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Months after bikeways were installed in Belmont Cragin, what do residents think?

A new Neighborhood Greenway with a contraflow bike lane on Wrightwood Avenue. Photo: Ruth Rosas

Para leer este artículo en español, haga clic aquí.

The Chicago Department of Transportation is working to expand the city's bike network per CDOT's 2020 Strategic Plan for Transportation. Through the Neighborhood Bike Networks initiative, CDOT focused on building a dense bike route network within neighborhoods. By concentrating bike lanes in specific areas, the hope is that people will be able to more easily and safely access important places within their communities. The Neighborhood Bike Networks project also coincided with the Far Northwest Side Divvy Bike Share expansion. The idea is, as Divvy bikes become more available for more Chicago residents, people will be able to find bike lanes to use in their neighborhoods. This will increase people’s access to biking, and it can help people replace short neighborhood car trips with biking trips, and help provide a way for residents to connect to transit. This will help foster healthy, safe, affordable, and sustainable communities.

The Northwest Side community of Belmont Cragin became the fastest growing Latine neighborhood in Chicago due to the displacement of working-class residents from other neighborhoods by rising housing costs associated with gentrification. And for years Belmont Cragin residents, and more recently the Belmont Cragin Youth Leadership Council, have advocated for the expansion of transportation options in the neighborhood.

Cutting the ribbon on the new Divvy station by Cragin Park last August. Photo: John Greenfield
Cutting the ribbon on the new Divvy station by Cragin Park last August. Photo: John Greenfield
Cutting the ribbon on the new Divvy station by Cragin Park last August. Photo: John Greenfield

Belmont Cragin has no 'L' service, and until last August it had no Divvy stations. The city's 2018 Vision Zero High Crash Corridors Framework Plan identified the neighborhood as a high crash area and Fullerton Avenue as a high crash corridor. This means Belmont Cragin is one of the local communities most affected by severe traffic crashes. Local residents have long been forced to navigate unsafe streets, with limited public transportation and bike infrastructure to get around. In 2016, the Belmont Cragin Quality of Life Plan highlighted the need for Divvy access. In August 2019, the Avenues for Growth plan included the strategy of encouraging more biking, with the hope of installing a protected bike lane on Grand Avenue, a major corridor in the neighborhood.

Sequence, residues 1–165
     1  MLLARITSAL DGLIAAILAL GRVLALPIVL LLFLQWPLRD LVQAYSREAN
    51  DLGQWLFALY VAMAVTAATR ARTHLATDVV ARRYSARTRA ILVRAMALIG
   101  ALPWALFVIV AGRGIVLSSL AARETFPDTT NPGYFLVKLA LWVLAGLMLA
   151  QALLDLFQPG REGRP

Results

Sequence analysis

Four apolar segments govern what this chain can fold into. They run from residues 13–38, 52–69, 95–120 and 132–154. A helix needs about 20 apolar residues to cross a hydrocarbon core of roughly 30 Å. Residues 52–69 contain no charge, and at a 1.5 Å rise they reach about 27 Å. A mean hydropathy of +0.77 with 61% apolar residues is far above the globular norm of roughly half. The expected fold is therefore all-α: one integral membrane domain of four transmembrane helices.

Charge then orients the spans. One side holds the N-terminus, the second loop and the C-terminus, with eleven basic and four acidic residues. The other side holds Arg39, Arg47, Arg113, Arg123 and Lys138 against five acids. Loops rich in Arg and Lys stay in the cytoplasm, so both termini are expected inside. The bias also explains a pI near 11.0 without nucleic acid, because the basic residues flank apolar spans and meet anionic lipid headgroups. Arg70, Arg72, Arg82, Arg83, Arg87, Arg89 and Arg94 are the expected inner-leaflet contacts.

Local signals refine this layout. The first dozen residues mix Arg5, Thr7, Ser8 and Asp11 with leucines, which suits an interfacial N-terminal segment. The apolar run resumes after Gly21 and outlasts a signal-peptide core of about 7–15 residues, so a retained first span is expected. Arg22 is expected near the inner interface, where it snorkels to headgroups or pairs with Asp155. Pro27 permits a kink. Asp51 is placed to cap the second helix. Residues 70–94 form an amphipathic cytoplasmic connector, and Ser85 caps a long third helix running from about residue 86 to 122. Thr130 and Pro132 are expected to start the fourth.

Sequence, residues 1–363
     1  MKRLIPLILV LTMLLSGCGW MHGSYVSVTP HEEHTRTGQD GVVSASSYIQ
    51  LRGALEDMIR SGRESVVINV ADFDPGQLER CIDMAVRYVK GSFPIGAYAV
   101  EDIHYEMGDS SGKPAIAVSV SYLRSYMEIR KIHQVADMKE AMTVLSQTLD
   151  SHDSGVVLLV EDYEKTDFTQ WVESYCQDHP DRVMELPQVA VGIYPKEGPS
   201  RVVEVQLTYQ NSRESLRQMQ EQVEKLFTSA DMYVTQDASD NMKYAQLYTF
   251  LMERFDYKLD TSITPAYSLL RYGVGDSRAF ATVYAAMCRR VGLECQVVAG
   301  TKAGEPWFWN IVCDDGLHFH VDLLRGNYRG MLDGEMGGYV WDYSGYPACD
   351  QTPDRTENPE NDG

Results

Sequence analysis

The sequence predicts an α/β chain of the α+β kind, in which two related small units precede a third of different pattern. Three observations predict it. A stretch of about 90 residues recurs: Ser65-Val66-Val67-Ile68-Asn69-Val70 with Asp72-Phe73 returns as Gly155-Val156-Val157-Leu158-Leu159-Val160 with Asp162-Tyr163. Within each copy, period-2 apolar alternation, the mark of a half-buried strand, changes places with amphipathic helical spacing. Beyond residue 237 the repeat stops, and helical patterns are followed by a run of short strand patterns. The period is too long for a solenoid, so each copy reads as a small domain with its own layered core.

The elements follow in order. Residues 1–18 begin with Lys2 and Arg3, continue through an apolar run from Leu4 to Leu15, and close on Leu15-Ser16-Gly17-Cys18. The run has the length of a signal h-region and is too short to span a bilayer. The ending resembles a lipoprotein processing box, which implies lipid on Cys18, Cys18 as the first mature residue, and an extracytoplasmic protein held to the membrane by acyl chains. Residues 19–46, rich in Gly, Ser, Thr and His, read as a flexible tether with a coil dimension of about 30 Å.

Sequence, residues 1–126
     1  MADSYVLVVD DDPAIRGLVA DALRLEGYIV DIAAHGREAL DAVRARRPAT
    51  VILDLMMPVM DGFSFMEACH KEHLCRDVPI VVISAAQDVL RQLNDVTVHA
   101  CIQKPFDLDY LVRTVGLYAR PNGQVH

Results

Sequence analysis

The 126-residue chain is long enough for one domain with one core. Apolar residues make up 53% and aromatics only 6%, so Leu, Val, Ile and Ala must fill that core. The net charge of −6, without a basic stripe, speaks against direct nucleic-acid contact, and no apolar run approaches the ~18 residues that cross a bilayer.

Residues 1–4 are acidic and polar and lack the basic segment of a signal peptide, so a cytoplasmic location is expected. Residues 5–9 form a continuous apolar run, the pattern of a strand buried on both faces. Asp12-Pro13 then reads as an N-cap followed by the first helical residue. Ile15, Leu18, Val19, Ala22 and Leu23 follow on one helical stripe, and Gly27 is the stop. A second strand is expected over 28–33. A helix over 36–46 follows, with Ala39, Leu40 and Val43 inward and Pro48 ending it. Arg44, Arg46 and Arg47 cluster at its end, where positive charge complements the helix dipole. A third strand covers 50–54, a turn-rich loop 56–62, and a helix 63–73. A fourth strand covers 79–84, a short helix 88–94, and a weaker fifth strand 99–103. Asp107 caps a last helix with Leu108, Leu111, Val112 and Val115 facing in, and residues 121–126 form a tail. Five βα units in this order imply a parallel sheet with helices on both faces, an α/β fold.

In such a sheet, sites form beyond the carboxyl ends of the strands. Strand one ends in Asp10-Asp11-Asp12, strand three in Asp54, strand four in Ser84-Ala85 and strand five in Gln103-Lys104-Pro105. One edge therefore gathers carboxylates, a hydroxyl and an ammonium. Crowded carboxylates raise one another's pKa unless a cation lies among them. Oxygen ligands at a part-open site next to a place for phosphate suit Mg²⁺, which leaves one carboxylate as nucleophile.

A new bike lane and Divvy station on Central Park Avenue. Photo: Ruth Rosas
Una nueva ciclovía y estacion de Divvy en Central Park Avenue. Foto: Ruth Rosas

Community engagement and collaboration are the leading principles of the Neighborhood Bike Networks project. CDOT worked with the local aldermen, community organizations, businesses, and community leaders to create a Neighborhood Task Force that engaged residents in roundtable discussions to collect feedback on new bike lanes, where bike lanes should be placed, as well as their concerns.

Major partners like the Northwest Center, formerly known as Northwest Side Housing Center, greatly contributed to the engagement process and hosted community bike rides to help get residents involved. Surveys were also distributed across the community. Divvy hosted community input meetings and provided bikes for community rides. The SAFE Ambassadors helped educate residents on the benefits of biking. However, community engagement is a difficult task that requires a lot of time, especially in dense communities with a high percentage of Spanish speakers like Belmont Cragin. 

I have been biking to Belmont Cragin on average once a week for the past two years and have seen a shift in the way the streets function. It is obvious that the new painted bike lanes, pavement markings, and Divvy stations have increased residents' access to biking.

I usually enter the neighborhood via Grand Avenue, and I don't encounter any bike infrastructure until Laramie Avenue, which is halfway into the neighborhood. However, Grand in Belmont Cragin is slated to get bikeways, so this will change. So far the new bike lanes in neighborhood are paint only, white and green, with pavement markings, and wayfinding signs. I do notice cars stay further left than before, but the roadway feels cramped, and with larger vehicles passing by in the travel lane and parked cars to your right, you don't have much distance from either.

By providing input on where bike lanes should go, residents can become more acquainted with bike infrastructure. While we can hope this shifts the local culture to being more bike-friendly, paint is not protection. While drivers may become more aware of the need to watch out for and share the road with people on bikes, we are also putting people at risk by encouraging them to ride next to large vehicles without physical protection.